(5 Star Rating System)

shrewRed One Theatre Collective. SHREW (2 ½ stars). This production is vibrant and silly at the same time. In short, it is a young person’s spin on Shakespeare (think Seth Rogan and Adam Sandler in terms of sensibility). Obviously, a bunch of friends have come together to have fun, and while the audience has fun too, somewhere Shakespeare has become lost in the colloquial rendering of the text. As to why Petruchio (Benjamin Blais) has a cowboy accent is anyone’s guess, although the Christopher Sly prologue as a puppet show is a neat idea. There are a lot of talented actors in the cast, particularly John Fleming as Tranio, but director Tyrone Savage (all grown up after playing a kid on the TV series Wind at My Back) just seems to be throwing a barrage of ideas out there to see what will stick. (Written by William Shakespeare (sort of), directed by Tyrone Savage, Storefront Theatre, Closes Mar. 2, 2014,

Theatrefront /Canadian Stage/Theatre Aquarius. TRIBES (3 ½ stars.) British playwright Nina Raine has concocted a totally dysfunctional family of intellectuals. At the core is a deaf son Billy (aurally impaired America actor Stephen Drabicki) who has been brought up without sign language, the rationale being that living as if there is no disability is better for him. Both parents and the other son and daughter each have their own hang-ups. The family’s universe really starts crumbling when Billy meets a girl (Holly Lewis) who initiates him into the world of the deaf, and opens a fissure between Billy and his family. The acting is very good and Daryl Cloran’s directing is fast-paced, even dizzying at times, but the play has a feel of being too clever by half. There are just too many subplots swirling around. (Written by Nina Raine, directed by Daryl Cloran, Berkeley Street Theatre Downstairs, Closes Mar. 2, 2014,

Afterplay Collective/Campbell House Museum. AFTERPLAY (4 stars). This play by famed writer Brian Friel is very clever indeed. He has taken the put-upon brother Andrey from The Three Sisters (Steve Cumyn), and the over-looked Sonya from Uncle Vanya (Tracey Ferencz) and has them meet in a restaurant of a Moscow Hotel. He has thus created a new Chekhov play. The intimate setting at Campbell House is perfect because the antique look of the upstairs drawing room provides a realistic site specific venue. This play can be a lot of talk (about lives before and after the respective plays), so what is needed is superb characterizations. Both Cumyn and Ferencz are Stratford/Shaw veterans, seasoned pros who are consummate actors, and clearly, both they and director Kyra Harper have worked hard to breathe life into the wordage. My one cavil is that they stand up and move around too much without motivation. That being said, the samovar tea and Russian cakes served before hand is a nice touch that makes the performance even more satisfying. The experience (tea plus play) is delightful. (Written by Brian Friel, directed by Kyra Harper, Closes Mar. 2, 2014,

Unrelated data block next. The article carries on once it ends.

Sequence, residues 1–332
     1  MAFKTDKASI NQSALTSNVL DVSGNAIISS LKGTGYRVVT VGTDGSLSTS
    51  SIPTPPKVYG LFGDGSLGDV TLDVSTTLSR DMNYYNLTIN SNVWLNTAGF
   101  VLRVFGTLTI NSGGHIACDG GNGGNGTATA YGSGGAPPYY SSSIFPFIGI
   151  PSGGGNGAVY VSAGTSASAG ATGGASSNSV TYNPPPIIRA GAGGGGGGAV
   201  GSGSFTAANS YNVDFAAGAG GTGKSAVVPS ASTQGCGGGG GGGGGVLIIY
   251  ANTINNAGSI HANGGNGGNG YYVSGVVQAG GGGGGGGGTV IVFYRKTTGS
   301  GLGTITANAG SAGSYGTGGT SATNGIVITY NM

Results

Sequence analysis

Mirvish Productions/Vesturport/Lyric Hammersmith. METAMORPHOSIS (5 stars). In a word, this Icelandic/British production is brilliant. The adapters have taken Kafka’s 1915 novel and transformed it into a wondrous play full of visual surprises. Kafka, being Kafka, the story is depressing. One day, Gregor Samsa (Björn Thors) wakes up and discovers he has become an insect. It can only go downhill from here as his family tries to cope with the tragedy. The direction for Thors is masterful as he climbs his ways up and down walls by handgrips. Börkur Jónsson’s innovative turn-on-the-side bedroom set is miraculous in concept. The characterizations are superb, and FYI, these Icelandic actors have better diction than most English-speaking born thespians. A definite run don’t walk. The best kind of European theatre. (Written by Franz Kafka, adapted and directed by David Farr and Gísli Orn Gardarsson, Closes Mar. 9, 2014, Royal Alexandra Theatre,

Mirvish Productions. THE TWO WORLDS OF CHARLIE F. (3 ½ stars). This is a hard show to rate because the subject matter cuts to the sentimental bone – namely, the performers are mostly British soldiers who have been physically and/or emotionally scarred by war. Nonetheless, one can’t get around the fact that the acting is uneven, with some accents being impenetrable. Charlie F. is a devised play that began with the soldiers’ own stories, crafted into a theatrical production by writer Owen Sheers. Although the soldiers are mostly playing themselves, they have been given fictionalized names to make the venture more theatrical. Despite the harrowing nature of their stories, there is a lot of humour, and even original songs. This recovery play is a journey through recruitment, training, and physio, leading up to the men and women coping with their injuries. The Two Worlds of Charlie F. wears its heart on its sleeve.  (Written by Owen Sheers, directed by Stephen Rayne, Closes Mar. 9, 2014, Princess of Wales Theatre,